You Should Probably Stop Refilling Plastic Water Bottles

Once you've already bought and drank a plastic water bottle from the store, it may be tempting to hold onto it. Sure, it may feel easier on both your wallet and the environment to refuse to purchase more plastic, but if you're really thirsty, it's probably best to just toss it and get another bottle. Better yet, it's always a great idea to carry around a reusable metal reusable container. In either case, you'd be avoiding the health hazards that drinking from a used plastic water bottle holds.

The synthetic polymers in plastic take a lot longer to break down than organic materials, meaning that it may be hundreds to thousands of years before they actually dissolve. Instead, this waste turns into microplastics, tiny particles less than 5 millimeters (0.20 inches) in size that are currently invading ocean ecosystems and popping up in seafood and drinking water. One study conducted in 2018 by Penn State Director of Sustainability Sherri Mason reported that out of 259 bottles of water "purchased in 19 locations in nine different countries," 93% were, on some level, contaminated with microplastics. Unfortunately, microplastics are making their way into everything we eat and drink, but plastic water bottles are particularly guilty of carrying the materials.

The dangers of BPA

The main environmental and health offender in plastic water bottle production is the chemical bisphenol A, or BPA as its most commonly referred to. Although the effects of BPA in large quantities are still relatively unknown, the compound is known to be an endocrine disruptor that affects hormone levels and the reproductive system. The U.S. Food and Drug Administration has cleared low-level use of BPA in consumer products, but controversy and debate rage on about the long-term consequences of extended exposure. Suffice it to say, it's better to limit your use of anything that may increase the consumption of BPA.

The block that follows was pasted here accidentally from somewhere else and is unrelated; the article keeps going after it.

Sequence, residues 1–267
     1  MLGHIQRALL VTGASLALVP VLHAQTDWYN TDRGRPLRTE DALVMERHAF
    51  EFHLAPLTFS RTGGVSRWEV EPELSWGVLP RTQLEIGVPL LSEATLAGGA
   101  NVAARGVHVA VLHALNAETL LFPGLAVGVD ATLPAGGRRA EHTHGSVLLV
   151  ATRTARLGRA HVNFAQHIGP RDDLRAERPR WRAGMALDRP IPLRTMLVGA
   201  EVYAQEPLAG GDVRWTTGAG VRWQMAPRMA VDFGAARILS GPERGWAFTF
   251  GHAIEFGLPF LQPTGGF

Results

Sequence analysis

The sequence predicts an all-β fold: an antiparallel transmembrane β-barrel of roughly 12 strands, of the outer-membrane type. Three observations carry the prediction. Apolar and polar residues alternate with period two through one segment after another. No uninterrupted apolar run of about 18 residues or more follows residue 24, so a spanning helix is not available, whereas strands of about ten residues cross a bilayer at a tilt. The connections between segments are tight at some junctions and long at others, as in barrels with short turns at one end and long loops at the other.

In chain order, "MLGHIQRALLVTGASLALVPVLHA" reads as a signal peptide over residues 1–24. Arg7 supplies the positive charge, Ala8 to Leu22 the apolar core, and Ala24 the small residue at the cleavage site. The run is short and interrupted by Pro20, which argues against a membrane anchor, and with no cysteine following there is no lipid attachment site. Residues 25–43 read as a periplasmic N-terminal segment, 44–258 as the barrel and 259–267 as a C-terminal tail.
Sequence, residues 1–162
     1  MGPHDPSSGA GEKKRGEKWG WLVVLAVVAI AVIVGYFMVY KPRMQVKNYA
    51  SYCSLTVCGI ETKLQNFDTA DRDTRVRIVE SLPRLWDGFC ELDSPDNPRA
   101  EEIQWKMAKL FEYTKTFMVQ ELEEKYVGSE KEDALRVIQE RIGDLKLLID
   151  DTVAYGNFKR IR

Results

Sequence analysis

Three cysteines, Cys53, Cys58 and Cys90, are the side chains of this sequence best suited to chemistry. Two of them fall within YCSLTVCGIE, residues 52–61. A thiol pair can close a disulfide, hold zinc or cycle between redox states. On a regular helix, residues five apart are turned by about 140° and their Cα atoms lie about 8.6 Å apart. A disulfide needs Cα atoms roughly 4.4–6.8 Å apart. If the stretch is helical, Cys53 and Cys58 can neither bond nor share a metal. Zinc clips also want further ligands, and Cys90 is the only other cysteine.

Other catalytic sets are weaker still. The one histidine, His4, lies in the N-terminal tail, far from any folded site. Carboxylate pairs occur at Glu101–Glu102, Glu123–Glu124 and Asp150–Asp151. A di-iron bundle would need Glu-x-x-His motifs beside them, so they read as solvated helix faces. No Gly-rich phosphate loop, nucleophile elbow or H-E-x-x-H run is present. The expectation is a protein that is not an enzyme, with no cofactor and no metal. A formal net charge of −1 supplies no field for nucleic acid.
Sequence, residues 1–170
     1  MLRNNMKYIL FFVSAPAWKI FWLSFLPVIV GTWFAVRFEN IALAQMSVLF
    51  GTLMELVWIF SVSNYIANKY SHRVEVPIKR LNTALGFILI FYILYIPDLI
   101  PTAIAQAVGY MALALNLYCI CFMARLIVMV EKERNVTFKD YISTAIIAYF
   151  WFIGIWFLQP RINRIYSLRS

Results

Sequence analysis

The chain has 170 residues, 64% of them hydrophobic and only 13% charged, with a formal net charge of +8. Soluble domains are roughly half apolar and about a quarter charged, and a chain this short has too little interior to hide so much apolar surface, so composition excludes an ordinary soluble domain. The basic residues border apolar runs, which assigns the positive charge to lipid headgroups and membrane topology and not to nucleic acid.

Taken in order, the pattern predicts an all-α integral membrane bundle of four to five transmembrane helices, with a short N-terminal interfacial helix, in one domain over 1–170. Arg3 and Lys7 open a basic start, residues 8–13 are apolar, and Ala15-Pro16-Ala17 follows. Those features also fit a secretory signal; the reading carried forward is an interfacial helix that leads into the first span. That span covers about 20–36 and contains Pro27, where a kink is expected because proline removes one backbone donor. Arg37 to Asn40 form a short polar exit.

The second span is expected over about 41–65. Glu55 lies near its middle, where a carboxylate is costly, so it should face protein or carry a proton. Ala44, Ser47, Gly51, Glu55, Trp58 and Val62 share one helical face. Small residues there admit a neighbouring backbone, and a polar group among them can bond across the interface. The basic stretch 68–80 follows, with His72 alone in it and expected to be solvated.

Although BPA is always present in the plastic that makes up water bottle containers, the chemicals leech into the water during use, especially if they're more exposed to heat. That means the longer you use a disposable bottle, the more the BPA in the plastic is melting into the drink inside. Plastic water bottles are also more at risk of growing bacteria when they're filled up again, and some sources like WebMD say that these fast-growing germs are actually a bigger, immediate worry than slow-leaching chemicals.

Alternatives to plastic water bottles

The obvious alternative to reusing plastic water bottles is to use an aluminum or stainless steel bottle, though that comes with its own caveats, too. Not everyone has access to clean drinking water at all times, and unfortunately, microplastics have made their way into tap water and other sources, as well. These metal containers can also grow harmful bacteria if they're not regularly and properly cleaned. Still, it's better than actively consuming materials from a plastic bottle.

If you must use a plastic water bottle, learn to recognize the different types of plastic recycling symbols, marked with a number surrounded by a group of triangle-shaped arrows. #1 and #2, plastics, which designates polyethylene terephthalate (PET) and high-density polyethylene (HDPE) are preferable to the #7 "other" label, which is usually the sign of BPA in the context of water bottles. Still, all of these have the potential to disrupt your hydration with harmful chemicals, and all are manufactured with the intention of one-time use, so refilling any of them back up still isn't ideal.